Our Readers' Opinions
September 15, 2015
Politics needs to be more appealing to young people

Dear Editor: Why should you use your vote wisely? Because decisions you make will be enacted in the political space, will impact on your future in some way, shape or form, whether you like it or not. The next government will be here for at least five years, and long after that, we will still be dealing with the consequences of the decisions they have made — which is why it is better to get involved now rather than complain later.{{more}}

This election is largely about our young people’s future. The country has invested heavily on the education revolution, clearly targeting our young people and Vincentians on a whole. It is bearing early fruits. Our youths will be turned off by politicians and political parties, partly because they don’t understand their connection to their reality, and partly because they don’t feel they are being offered a realistic chance to change their lives. Young people are fed up of the old khaki pants politics, derogative language and largely, the old boys’ network within politics, which alienates them. Young people want to be able to identify with their political role models, so the social background that politicians tend to come from must be reflective of society at large. Our politicians need to assist our youths to make the connection between politics and their actual lives. They need to see some semblance of integrity in politicians, not the type of mud–slinging and gutter politics currently being paraded on some political platforms. Politics needs to be more inviting, rather than unappealing. I was flabbergasted by several recent remarks in the public domain by some politicians who are elected representatives of the people. I would want to believe that whether or not I belong to a constituency, I am a Vincentian and should be respected by politicians who in general represent not only his/her constituency, but the entire people of the country. Our youths know just how much they can influence and change things. So, they are fully aware that their votes can make a difference. Sad that some politicians have the so-called god-complex syndrome that they have yet to see society as a bigger picture rather than themselves.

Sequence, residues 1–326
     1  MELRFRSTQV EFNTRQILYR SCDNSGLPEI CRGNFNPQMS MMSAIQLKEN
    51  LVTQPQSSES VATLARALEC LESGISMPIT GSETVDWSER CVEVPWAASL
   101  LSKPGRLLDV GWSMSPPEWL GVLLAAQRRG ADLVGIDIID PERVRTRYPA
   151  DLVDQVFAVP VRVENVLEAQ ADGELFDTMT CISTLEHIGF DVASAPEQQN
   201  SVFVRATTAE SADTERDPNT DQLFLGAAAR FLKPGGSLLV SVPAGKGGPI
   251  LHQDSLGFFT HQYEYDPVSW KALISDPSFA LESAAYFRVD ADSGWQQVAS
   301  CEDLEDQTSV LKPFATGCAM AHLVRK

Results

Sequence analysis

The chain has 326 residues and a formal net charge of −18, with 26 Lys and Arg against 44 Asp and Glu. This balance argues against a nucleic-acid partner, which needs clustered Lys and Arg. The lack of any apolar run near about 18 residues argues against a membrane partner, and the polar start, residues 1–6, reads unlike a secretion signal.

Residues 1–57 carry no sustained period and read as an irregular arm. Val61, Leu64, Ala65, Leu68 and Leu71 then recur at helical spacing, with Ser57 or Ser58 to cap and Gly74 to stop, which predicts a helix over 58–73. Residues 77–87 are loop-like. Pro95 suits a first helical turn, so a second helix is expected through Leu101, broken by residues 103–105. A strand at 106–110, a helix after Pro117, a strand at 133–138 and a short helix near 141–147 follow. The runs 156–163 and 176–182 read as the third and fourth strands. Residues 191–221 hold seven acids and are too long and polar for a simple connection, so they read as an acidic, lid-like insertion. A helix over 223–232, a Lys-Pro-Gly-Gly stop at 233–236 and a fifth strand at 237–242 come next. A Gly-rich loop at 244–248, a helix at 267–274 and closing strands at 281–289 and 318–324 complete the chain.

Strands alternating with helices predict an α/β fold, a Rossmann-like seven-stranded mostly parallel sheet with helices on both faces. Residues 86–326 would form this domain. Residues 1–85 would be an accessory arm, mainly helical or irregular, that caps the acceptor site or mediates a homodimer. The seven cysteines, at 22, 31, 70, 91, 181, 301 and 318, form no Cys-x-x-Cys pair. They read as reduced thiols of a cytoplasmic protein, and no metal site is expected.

I will urge interested politicians to get the attention of young people; politicians need to build genuine relationships with them. So far, except for the ULP, the NDP is yet to tell Vincentian youths what is their forward plan for the youths and the country as a whole. They have criticized almost every developmental project, and even those with potential to be a game-changer for the country. I doubt that at this ninth hour any poli-tricks with the sole intention of deceiving the electorate’s youths will benefit the NDP.

To the youths, if you aren’t planning on voting, I would advise you to be aware of the consequences of your inactivity and refusal to participate in the system. Be informed about why you should vote and be mindful about what will happen if you don’t – not just on a personal level, but for those around you and for society as a whole.

Vincentians, we need to get past the idea of politics being a serious, off-putting thing. It affects everyone’s lives. Vote for your future and the continuing development of St Vincent and the Grenadines.